You may be surprised at how retirees are looking at investing their 401(k) rollovers and working with their advisors. I certainly was. There has been a great deal of survey research on what retirees are doing, or saying they will do. There has been little exploration, however, of why they are doing it.
My marketing consulting firm recently conducted four focus groups with 50 investors studying retirees who were planning to take a 401(k) rollover or already had. We were looking for the social and psychological factors that determine how they make the decision to hire an investment advisor for their 401(k) rollovers. Two of our groups were in New York City and two were in Chicago. Half of the people we talked to had retired within the last year. The other half planned to retire within the coming year.
Our study focused on the mass affluent. Our investors had at least $300,000 in assets, with most having less than $1 million. A few wealthier folks had from $1 million to more than $3 million. We concentrated just on retirement rollovers and not those taking rollovers because they had changed jobs: There is good evidence that retirement rollovers are very different and present much more opportunity for the advisor. We also discovered, however, that retirees–especially the mass-affluent ones–harbor numerous fears about their golden years and feel they lack the tools to produce a comfortable lifestyle. They are also amazingly ignorant about how to choose an advisor from the array of planners, brokers, and other professionals.
Our first finding is that retirees are eager to talk about retirement investing and their finances. This was the opposite reaction our focus group recruitment firm expected. They felt that this would be too personal a topic and didn’t think they would find enough volunteers. We had more than enough, as it turned out. Our study groups comprised predominantly middle-class and upper-middle-class folks, with a good mix of women and men. They came from the cities and suburbs, and formed a good cross-section of the new generation of retirees and pre-retirees.
We use the term “scared pioneers” to describe our respondents. They are beset by two kinds of pressures.
They are, with good reason, concerned that they do not have enough money saved to support their retirement. In fact, $1 million or less may not be adequate even for a modest lifestyle that could stretch for decades or longer. This is especially true for women. The second set of pressures comes from this being the very first generation of retirees in modern times to face the tough problem of generating their own retirement income from their savings. This is the first group to retire with primarily defined contribution retirement plans and assets. They sit at the bleeding edge of momentous changes.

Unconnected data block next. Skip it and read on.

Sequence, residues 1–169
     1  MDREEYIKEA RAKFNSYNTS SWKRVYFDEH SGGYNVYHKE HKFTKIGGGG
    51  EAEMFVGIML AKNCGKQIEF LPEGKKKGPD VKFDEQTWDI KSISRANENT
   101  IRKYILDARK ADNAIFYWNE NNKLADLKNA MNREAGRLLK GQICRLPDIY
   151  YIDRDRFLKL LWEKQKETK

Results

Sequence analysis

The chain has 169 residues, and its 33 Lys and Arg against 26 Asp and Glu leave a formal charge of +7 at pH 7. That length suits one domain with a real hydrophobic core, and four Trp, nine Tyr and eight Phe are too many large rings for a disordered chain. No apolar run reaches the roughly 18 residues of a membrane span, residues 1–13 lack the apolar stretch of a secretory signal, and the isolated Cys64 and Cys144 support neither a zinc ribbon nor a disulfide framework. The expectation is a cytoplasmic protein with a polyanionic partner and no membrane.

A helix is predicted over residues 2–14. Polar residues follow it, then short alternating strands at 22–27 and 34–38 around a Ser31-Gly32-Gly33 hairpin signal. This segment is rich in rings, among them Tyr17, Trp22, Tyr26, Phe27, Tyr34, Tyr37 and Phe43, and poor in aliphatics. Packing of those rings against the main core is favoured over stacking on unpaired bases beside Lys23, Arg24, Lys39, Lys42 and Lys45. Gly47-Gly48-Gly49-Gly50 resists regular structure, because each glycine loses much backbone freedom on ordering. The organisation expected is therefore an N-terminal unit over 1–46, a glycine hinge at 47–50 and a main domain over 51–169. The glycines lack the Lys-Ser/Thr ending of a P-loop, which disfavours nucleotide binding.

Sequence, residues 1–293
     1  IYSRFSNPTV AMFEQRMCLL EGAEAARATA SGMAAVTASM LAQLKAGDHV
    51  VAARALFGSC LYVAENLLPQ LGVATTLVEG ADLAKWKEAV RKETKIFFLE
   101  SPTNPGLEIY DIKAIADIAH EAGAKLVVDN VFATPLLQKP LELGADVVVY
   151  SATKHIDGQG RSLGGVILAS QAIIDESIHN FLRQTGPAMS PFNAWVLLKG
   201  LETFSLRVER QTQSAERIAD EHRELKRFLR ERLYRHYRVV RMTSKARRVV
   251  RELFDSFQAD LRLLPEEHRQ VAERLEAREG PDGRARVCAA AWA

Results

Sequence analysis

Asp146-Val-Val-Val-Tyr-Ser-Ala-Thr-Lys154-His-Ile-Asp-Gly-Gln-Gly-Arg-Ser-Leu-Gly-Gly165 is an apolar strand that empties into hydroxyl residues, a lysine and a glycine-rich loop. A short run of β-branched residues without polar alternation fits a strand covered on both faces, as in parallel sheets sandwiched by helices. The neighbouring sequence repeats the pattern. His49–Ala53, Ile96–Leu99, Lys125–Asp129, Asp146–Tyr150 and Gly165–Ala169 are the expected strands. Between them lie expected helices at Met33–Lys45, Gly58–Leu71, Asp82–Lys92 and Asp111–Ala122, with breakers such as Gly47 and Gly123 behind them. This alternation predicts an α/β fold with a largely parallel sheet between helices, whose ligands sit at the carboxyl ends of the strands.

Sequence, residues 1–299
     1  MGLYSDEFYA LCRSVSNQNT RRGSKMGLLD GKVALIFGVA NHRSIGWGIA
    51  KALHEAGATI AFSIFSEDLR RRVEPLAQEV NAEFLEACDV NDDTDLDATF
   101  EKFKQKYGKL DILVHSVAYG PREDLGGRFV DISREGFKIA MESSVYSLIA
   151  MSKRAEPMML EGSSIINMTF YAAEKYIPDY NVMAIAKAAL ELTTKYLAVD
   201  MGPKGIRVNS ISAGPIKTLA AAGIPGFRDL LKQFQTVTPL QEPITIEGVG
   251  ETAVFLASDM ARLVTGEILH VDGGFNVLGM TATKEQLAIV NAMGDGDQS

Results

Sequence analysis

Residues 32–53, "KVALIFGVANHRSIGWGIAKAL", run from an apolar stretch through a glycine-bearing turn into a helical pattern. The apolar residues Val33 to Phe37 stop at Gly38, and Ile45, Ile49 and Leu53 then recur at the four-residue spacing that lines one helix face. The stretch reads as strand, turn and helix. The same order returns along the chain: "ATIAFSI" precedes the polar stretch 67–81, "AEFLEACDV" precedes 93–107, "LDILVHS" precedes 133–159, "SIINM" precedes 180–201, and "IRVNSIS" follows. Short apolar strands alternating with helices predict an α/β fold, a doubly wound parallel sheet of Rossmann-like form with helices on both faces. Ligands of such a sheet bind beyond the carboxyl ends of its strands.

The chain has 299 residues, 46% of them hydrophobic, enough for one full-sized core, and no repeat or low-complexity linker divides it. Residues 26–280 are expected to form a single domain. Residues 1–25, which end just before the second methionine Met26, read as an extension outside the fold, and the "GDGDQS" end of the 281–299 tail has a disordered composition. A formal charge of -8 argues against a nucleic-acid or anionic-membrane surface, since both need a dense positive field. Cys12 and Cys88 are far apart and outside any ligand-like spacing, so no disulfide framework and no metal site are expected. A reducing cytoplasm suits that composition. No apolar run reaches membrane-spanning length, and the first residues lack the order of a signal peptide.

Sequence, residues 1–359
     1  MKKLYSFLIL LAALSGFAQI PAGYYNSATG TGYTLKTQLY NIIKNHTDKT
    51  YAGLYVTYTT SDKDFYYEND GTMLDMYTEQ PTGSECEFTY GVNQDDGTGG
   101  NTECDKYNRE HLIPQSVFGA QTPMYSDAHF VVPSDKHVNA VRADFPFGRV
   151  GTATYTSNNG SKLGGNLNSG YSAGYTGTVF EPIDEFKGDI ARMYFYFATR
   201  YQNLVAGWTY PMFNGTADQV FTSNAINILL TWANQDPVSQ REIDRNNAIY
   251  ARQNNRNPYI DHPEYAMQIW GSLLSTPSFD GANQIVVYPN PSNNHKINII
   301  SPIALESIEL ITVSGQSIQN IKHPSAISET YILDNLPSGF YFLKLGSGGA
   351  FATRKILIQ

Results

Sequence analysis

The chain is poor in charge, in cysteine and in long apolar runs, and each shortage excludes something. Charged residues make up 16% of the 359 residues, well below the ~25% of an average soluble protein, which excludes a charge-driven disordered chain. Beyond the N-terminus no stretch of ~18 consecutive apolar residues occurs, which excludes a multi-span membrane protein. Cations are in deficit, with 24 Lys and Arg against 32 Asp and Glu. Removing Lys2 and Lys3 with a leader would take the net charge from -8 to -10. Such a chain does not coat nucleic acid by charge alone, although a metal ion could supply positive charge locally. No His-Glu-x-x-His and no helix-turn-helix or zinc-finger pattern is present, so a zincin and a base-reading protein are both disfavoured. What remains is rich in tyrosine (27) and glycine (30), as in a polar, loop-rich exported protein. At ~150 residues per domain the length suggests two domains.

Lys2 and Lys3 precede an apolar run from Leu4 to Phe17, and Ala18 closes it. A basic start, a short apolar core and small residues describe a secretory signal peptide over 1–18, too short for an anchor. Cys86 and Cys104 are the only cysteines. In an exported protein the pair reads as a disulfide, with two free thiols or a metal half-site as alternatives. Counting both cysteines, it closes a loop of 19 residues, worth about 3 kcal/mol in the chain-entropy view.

Here again, their concerns are legitimate. The new defined-contribution-based retirement landscape has none of the formal and informal institutions, norms, and practices common to other retirement schemes. As a society and culture we have not yet built the processes and practices needed to support these people. As an industry, we are just at the beginning of experimenting with new products and services. Right now, there are no prior examples of what to do. There are no models. Everything has to be invented from scratch. Indeed, for this new generation of retirees, almost everything is new and in flux. Even the tax laws, Social Security system, and other traditional government programs for retirement security are under attack right now. They may all be reconfigured wholesale. So, overall, our respondents have good reason to be afraid.
Coping by Control
Our respondents said they are coping with what they see as their precarious situation by seeking maximum control of their investment activities. That desire for control is being expressed in a drive to diversify. Not putting all their eggs in one basket is the theme of this group’s interactions with investment advisors. There are two ways they are diversifying: They are working–or want to work–with multiple investment advisors; and they are dividing their investments among separate pools of assets.
In his December 2004 Investment Advisor article “Getting There,” Scott MacKillop, who is president of USF Services in Sugar Land, Texas, cited behavioral finance research that shows investors have different “mental accounts.” Our research finds that retiree investors have this same mindset. Indeed, our respondents talked about placing different pools of assets with different advisors.
One pool of assets that is especially important to the respondents was the contents of their 401(k)s. To our groups, the 401(k) assets are sacred. They are at the core of their retirement income and investment funds. Emotionally and symbolically, the investors’ 401(k) assets are seen as the last bastion of defense against a catastrophic event that would severely hurt their finances.
The main catastrophic events they are concerned about are health-related. Uniformly, our focus group members were deathly afraid of becoming disabled or infirm. But this deep fear came up in a backward way. When we asked the groups at the end of each session to project ahead and tell us about their hopes, dreams, ambitions, and wish lists for their future, they quickly shot back with fears about getting sick. So whatever hopeful ideas may exist about retirement are being buried under fears about being incapacitated. Pushing our respondents to a deeper level, what is underlying the fears about health issues in later life is a deathly fear of becoming dependent on relatives they don’t like or trust, or whom they don’t want to bother. They also fear burdening their children or becoming dependent and having no one on whom to depend. Having good long-term care insurance, not those idyllic images of golfing, sailing, or happy couples, is the real hope of our retirees.
Contradictions and Skepticism